"In organic production, for example, today here in the region we are known nationally, abroad, within the state, but for farmers, institutions and local politicians it's still a taboo, something that's not normal. We're abnormal, we're crazy people and we don't work as we're told to work when it comes to production, commercialization and the non-use of pesticides. We're seen as the 'ugly ducklings', like in the kid's story. These are conflicts that existed then and exist now and that haven't been overcome and will never be. I believe this will always happen" (Ecocitrus producer and founding partner).
Even though today Ecocitrus is recognized for the excellence of its products and for the economic growth of a cooperative, one of the founding partners issued an important warning about the principles of the cooperative. In his opinion, many things are being lost and the initial dreams of the project are no longer being followed. This may be a current anticipation of future events.
"What we wanted at the beginning and how we evolved in terms of organization, of Ecocitrus as an institution, has changed over time and some people like me still have the same idea, the goal of making a different agriculture, have different relationships between farmers and everything else. But I see that the world has changed and we have become somewhat out of step. I think it's normal, with the new generations coming. We have been working on this project for 30 years, with Ecocitrus for 21 years. I see there is a setback in the region and Ecocitrus. People have been forgetting some basic and important things that should be taken up again" (Ecocitrus producer and founding partner).
When questioned about the positive impacts of this CTP on the history of Ecocitrus, the interviewee guarantees that the benefits were not only for producers, but for the whole region:
"Certainly. Not only for Ecocitrus, but for the whole region here in the Caí Valley, where citriculture is one of the main activities. For small farmers, it was very important because of this partnership between the State, GTZ and Harmonicitrus, a whole organization of farmers emerged, a whole new work mindset where farmers should be the protagonists, and they took upon themselves to organize effectively" (Ecocitrus producer and founding partner).
One of the topics that came up very strongly in this CTP is the mobilization that this project made possible to local producers, who started to have more tools to reach their objectives.
"On the other hand, farmers began to build up the courage to express their ideas, to make sure their claims were put into practice. I believe this has been a great gain for the region. There is a whole history, to this day, there's a different scenario today, but which led to a different situation for the farmers with respect to dealing with the political leaders of the region" (Ecocitrus producer and founding partner).
Something else that became evident is the need to seek more training for producers. Those who had the skills in the 90s follow strong principles of agroecology and cooperativism, but many new members were incorporated and did not go through the same process. One of the interviewees is concerned about the future and with the next generations.
"This is also the result of a process we're going through today. It's a hard process, because we got into many difficult situations, with high investments at the same time. Two large projects. And we're having a hard time getting this project to yield results and everything. It's a difficult time, time to discuss the important things, which are fundamental to a process like this. We're only discussing our survival, that's a problem. I believe I've overcome this phase. We're trying to make it happen. Something has to happen when it comes to training farmers because there's been a very big change. Out of the 14, 6 or 7 stuck around, then another 30, 40 new ones came in and weren't trained the same way - although we did have a qualification process, it was different from the beginning of the project. It's difficult for people to understand. It's difficult to carry forward our basic principles of agricology and everything else "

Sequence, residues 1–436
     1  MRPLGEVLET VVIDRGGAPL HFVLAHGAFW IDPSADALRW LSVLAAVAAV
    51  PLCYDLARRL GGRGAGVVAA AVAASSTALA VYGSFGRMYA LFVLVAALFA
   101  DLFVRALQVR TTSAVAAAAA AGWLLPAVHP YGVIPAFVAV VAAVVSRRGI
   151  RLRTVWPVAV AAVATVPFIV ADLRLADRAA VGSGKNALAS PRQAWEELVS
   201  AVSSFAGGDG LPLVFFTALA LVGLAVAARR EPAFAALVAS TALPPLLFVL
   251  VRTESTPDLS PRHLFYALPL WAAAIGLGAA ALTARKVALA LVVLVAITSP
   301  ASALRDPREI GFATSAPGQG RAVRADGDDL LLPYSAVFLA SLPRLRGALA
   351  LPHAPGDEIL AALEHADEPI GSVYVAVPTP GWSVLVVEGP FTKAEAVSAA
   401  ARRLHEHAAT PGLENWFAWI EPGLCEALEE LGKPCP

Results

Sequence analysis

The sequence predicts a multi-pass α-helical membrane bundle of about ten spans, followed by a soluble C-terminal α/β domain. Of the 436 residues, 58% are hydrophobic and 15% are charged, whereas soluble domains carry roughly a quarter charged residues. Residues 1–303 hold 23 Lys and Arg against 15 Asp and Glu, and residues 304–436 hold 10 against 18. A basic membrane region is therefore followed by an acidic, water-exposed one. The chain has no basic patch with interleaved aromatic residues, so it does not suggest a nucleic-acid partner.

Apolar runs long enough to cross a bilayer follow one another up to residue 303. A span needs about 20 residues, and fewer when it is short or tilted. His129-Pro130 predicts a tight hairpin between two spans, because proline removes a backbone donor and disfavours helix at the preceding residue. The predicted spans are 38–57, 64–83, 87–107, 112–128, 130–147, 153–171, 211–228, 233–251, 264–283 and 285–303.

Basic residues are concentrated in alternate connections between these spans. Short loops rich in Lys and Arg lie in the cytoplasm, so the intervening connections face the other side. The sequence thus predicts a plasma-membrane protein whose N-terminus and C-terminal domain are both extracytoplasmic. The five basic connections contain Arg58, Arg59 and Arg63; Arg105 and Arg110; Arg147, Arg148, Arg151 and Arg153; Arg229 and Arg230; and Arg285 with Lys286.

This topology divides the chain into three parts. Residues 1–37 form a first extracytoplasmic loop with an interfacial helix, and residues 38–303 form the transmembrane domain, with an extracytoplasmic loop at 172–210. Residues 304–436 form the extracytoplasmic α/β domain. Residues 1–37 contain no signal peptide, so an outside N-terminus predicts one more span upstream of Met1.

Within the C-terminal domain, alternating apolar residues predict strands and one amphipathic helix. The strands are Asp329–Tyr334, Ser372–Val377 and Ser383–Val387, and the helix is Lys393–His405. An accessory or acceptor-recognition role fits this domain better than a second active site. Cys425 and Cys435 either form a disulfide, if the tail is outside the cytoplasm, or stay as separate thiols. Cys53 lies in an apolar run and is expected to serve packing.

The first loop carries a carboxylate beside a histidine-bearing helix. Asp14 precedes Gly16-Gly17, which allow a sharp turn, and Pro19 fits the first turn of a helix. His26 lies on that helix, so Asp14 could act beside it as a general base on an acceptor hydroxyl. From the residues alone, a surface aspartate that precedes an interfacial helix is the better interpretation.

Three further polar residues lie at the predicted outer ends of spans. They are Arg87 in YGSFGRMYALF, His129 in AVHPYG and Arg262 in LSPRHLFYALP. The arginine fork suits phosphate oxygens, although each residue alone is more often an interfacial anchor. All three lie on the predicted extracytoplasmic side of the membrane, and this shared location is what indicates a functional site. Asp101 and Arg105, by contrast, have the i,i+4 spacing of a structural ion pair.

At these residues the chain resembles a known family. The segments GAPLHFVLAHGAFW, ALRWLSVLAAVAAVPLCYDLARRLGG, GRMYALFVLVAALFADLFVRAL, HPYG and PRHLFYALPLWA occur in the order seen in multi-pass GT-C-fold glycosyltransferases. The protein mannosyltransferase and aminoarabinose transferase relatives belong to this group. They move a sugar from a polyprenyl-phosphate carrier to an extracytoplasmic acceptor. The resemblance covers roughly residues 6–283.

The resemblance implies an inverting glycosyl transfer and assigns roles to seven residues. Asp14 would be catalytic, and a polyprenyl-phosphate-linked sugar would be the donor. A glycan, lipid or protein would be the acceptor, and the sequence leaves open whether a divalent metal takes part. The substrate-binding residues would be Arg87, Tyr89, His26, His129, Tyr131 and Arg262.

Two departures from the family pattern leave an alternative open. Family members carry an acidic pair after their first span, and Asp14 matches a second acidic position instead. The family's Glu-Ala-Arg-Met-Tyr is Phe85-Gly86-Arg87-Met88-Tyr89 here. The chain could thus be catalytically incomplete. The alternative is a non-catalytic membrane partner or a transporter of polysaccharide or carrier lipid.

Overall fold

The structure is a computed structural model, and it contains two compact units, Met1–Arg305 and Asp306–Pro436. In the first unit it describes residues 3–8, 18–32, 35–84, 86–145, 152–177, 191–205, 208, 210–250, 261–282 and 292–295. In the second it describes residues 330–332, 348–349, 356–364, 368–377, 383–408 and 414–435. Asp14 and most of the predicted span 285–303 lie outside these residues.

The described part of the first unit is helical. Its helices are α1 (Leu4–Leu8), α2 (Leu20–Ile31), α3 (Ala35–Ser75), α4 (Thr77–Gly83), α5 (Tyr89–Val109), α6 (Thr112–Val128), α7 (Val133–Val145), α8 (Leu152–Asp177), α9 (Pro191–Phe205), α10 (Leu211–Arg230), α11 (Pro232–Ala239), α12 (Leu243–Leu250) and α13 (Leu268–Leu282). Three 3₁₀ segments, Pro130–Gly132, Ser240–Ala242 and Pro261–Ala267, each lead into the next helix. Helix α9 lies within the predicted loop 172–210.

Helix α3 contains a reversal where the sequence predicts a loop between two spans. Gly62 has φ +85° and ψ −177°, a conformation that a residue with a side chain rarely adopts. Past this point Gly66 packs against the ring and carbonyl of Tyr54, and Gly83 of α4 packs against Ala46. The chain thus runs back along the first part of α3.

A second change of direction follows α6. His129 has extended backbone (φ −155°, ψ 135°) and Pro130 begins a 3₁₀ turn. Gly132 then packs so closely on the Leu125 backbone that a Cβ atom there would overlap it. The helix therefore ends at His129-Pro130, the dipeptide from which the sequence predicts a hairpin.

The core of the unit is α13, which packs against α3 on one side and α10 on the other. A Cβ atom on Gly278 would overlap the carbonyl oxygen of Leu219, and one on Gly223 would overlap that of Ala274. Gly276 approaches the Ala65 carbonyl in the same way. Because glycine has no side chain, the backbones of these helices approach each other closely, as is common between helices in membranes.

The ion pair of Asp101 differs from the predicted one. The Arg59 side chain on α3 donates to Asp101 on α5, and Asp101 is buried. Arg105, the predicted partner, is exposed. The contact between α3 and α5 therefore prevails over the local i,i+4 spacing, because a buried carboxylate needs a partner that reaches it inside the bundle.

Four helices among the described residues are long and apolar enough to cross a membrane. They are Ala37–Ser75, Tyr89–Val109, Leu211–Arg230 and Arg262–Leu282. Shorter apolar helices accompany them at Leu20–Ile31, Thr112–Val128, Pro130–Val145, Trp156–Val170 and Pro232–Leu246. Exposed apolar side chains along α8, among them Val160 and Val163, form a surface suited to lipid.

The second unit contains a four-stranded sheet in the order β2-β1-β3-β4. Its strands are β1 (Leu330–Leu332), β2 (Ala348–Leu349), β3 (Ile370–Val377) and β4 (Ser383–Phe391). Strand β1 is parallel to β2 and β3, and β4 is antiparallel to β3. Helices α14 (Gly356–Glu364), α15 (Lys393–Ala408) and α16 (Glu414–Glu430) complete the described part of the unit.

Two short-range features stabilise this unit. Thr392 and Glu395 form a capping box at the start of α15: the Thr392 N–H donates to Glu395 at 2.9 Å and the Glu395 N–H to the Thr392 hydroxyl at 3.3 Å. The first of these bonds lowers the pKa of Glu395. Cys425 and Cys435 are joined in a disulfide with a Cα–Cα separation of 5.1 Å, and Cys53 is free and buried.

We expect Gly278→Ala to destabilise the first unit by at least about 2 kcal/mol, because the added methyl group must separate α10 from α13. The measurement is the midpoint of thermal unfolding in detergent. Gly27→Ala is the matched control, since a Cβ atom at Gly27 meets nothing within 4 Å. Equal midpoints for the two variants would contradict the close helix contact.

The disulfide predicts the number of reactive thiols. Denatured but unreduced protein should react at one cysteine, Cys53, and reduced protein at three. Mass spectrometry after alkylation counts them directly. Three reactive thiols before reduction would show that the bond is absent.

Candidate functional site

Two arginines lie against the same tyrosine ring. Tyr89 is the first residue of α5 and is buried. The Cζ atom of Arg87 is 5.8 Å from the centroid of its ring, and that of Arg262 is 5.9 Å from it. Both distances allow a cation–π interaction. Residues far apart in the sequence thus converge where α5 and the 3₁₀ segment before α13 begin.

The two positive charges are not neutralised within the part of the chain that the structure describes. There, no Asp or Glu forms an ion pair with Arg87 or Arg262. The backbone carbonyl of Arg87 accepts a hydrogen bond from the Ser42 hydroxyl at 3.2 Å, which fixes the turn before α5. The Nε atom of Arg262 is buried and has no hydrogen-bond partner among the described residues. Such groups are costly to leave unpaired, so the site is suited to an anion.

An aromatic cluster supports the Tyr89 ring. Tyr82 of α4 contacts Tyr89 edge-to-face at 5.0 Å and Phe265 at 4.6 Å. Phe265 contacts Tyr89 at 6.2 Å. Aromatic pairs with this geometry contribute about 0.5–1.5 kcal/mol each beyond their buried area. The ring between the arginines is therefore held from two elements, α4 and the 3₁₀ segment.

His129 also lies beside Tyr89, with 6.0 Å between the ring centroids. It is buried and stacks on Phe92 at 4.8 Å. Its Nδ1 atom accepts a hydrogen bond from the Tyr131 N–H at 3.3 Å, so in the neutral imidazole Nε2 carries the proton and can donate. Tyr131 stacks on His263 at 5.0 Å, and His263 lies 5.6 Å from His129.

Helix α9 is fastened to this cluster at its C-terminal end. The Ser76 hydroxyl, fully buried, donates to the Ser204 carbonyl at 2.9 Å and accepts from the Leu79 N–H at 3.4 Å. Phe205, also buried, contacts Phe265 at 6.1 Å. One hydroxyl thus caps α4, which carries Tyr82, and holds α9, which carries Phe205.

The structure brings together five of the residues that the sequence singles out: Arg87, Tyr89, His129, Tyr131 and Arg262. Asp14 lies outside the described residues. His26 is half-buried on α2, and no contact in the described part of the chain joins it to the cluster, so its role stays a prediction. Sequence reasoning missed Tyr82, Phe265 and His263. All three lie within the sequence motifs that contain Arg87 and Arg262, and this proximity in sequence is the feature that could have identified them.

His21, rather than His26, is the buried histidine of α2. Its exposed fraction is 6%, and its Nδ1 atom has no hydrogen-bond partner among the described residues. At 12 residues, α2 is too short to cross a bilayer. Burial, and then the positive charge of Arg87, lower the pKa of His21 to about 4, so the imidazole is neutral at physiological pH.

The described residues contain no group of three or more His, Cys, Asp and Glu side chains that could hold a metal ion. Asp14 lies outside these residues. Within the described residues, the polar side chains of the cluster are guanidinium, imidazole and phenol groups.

One of the important points that we find in this CTP refers to institutional voids. We understand that an institutional void occurs when institutions that should occupy a certain space or promote a particular activity do not fulfill the role that is expected of them. In this case we see a void in what concerns the supply and incentive to the production of organic foods. The regulatory immaturity in Brazil brings in a lot of difficulties for small producers to invest in this kind of more sustainable production. In addition, there is a lack of public policy to encourage family farming. This project had the primary incentive of a foreign institution, which could subsequently have been increased by local institutions. However, the lack of information and encouragement caused many farmers to migrate back to conventional agriculture, as can be seen in the following statement.
"It is possible for farmers to do different things different from what they did back then and not be totally at the mercy of all the institutions and organizations that existed at the time for other work that could have made much more progress here in the region. We laid out Ecocitrus for all the farmers. We made a campaign, we went from town to town, discussing, putting our factory at disposal so that they had their own production of essential oils and juices. This didn’t happen, even though we had made a whole transparent process of discussion about how we were going to work. Very little happened. We formed another cooperative that is doing a little bit of work with us, but we could be making much of the production of the region for the farmers, for them to have the final product, to commercialize it and to be on another level - not only to be suppliers of raw materials. One can say that this is something that could have been different and didn’t happen, because of lack of understanding and everything. I know it's a difficult process. In 20 years, as technicians and farmers, we think that evolution has to happen, but we know it’s not so easy. We think we can change something, make things happen. Getting to the end is a bit difficult, we also have to see our limitations and the time it takes to have a change and do something different."
Stay informed. Subscribe for project updates by e-mail.